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The Psychological Contract and Job Satisfaction: Experiences of a Group of Casual Workers


Nelson, LG and Tonks, GR and Weymouth, J, The Psychological Contract and Job Satisfaction: Experiences of a Group of Casual Workers, Research and Practice in Human Resource Management, 14, (2) pp. 18-33. ISSN 0218-5180 (2006) [Refereed Article]

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© RPHRM 2006


Recent changes to the Australian workforce raise questions about the impact of casualisation on employees. This study explored the effects of casual employment on a group of university students using the psychological contract as an interpretative framework. Qualitative data indicated that while these employees adopted a transactional work orientation, they expressed concern over the relational obligations of employers. These findings were substantiated with quantitative research, which revealed low job satisfaction and problems with the psychological contract. Although respondents thought that the transactional dimension was satisfied, the relational contract remained mostly unfulfilled. In particular they felt exploited and treated less fairly than fulltime employees. This suggests management should pay more attention to the relational needs of all their employees.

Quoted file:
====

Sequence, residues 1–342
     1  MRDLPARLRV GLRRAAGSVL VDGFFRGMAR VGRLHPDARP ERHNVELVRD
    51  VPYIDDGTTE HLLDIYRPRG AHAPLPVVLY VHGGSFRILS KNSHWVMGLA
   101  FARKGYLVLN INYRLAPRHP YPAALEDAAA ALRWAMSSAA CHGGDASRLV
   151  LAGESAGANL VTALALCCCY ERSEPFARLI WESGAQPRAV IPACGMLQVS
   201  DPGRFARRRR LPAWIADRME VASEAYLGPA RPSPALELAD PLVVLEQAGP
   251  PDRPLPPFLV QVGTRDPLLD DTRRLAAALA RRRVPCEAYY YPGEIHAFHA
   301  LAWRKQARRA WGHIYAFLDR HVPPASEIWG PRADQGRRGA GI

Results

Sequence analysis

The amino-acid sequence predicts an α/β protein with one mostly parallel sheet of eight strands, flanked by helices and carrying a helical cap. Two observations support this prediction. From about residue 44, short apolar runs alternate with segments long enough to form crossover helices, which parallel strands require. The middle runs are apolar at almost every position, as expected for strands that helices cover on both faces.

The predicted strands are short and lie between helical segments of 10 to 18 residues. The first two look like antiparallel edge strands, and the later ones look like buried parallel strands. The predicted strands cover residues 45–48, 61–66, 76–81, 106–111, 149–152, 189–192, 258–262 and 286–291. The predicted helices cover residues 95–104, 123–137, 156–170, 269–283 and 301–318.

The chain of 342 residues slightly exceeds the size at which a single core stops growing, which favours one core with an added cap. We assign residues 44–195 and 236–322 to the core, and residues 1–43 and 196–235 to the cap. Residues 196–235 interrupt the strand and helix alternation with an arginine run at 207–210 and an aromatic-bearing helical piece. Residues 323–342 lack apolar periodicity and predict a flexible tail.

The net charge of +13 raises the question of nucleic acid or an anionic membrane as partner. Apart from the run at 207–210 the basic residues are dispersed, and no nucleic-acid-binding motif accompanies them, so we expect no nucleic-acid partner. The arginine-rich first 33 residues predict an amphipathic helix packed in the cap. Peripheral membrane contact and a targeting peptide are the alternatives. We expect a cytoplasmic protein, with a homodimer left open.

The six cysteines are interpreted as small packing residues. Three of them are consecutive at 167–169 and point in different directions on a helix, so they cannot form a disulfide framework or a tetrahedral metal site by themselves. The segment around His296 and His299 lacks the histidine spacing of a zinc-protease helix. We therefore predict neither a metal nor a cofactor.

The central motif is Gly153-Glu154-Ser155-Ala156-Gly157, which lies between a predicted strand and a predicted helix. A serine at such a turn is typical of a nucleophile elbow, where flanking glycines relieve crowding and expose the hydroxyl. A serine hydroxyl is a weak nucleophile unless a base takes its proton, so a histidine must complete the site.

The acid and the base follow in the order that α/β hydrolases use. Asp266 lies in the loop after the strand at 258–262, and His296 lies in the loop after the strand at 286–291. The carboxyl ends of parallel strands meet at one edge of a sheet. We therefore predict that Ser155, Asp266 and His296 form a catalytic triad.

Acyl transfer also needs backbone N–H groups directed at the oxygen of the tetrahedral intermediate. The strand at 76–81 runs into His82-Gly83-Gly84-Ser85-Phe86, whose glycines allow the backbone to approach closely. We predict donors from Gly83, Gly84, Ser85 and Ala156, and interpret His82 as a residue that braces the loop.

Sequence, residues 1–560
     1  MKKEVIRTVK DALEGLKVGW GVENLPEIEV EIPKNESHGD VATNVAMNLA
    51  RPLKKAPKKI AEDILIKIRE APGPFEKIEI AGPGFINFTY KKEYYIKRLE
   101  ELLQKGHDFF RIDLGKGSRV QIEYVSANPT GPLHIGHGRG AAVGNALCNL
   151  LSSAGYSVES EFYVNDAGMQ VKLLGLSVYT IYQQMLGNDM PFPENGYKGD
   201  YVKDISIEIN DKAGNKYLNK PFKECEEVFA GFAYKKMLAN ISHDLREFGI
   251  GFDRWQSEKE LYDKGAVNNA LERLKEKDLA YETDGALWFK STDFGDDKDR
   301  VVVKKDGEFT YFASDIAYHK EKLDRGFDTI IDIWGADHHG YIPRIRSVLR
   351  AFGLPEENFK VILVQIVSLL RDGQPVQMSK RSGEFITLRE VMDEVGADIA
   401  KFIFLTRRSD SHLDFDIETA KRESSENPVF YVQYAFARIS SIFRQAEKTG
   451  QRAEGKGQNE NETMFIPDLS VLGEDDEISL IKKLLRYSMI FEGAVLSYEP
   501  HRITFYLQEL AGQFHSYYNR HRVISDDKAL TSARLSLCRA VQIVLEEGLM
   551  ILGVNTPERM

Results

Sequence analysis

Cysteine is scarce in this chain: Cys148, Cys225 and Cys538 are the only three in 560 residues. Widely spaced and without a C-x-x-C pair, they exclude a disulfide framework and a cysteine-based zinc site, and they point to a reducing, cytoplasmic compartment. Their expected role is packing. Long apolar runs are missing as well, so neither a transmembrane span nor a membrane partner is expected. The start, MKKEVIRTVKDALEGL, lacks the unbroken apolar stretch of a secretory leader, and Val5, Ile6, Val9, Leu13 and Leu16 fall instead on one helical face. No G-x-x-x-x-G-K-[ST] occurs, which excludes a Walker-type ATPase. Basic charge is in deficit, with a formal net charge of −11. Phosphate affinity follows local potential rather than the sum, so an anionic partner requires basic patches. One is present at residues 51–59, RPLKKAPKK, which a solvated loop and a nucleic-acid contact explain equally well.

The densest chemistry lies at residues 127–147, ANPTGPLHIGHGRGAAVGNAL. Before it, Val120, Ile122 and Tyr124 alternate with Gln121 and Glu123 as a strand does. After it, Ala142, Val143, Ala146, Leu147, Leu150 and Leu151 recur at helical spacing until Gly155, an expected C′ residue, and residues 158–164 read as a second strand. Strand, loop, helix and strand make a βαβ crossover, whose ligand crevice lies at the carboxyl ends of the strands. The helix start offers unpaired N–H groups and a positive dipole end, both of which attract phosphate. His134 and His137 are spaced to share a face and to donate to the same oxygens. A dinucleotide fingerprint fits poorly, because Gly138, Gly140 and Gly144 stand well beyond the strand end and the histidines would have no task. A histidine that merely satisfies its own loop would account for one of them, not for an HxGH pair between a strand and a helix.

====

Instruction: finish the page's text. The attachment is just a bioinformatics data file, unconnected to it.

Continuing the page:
Item Details

Item Type:Refereed Article
Research Division:Commerce, Management, Tourism and Services
Research Group:Human resources and industrial relations
Research Field:Human resources management
Objective Division:Economic Framework
Objective Group:Management and productivity
Objective Field:Management
UTAS Author:Nelson, LG (Dr Lindsay Nelson)
UTAS Author:Tonks, GR (Dr Graeme Tonks)
ID Code:41486
Year Published:2006
Deposited By:Management
Deposited On:2006-08-01
Last Modified:2010-06-04
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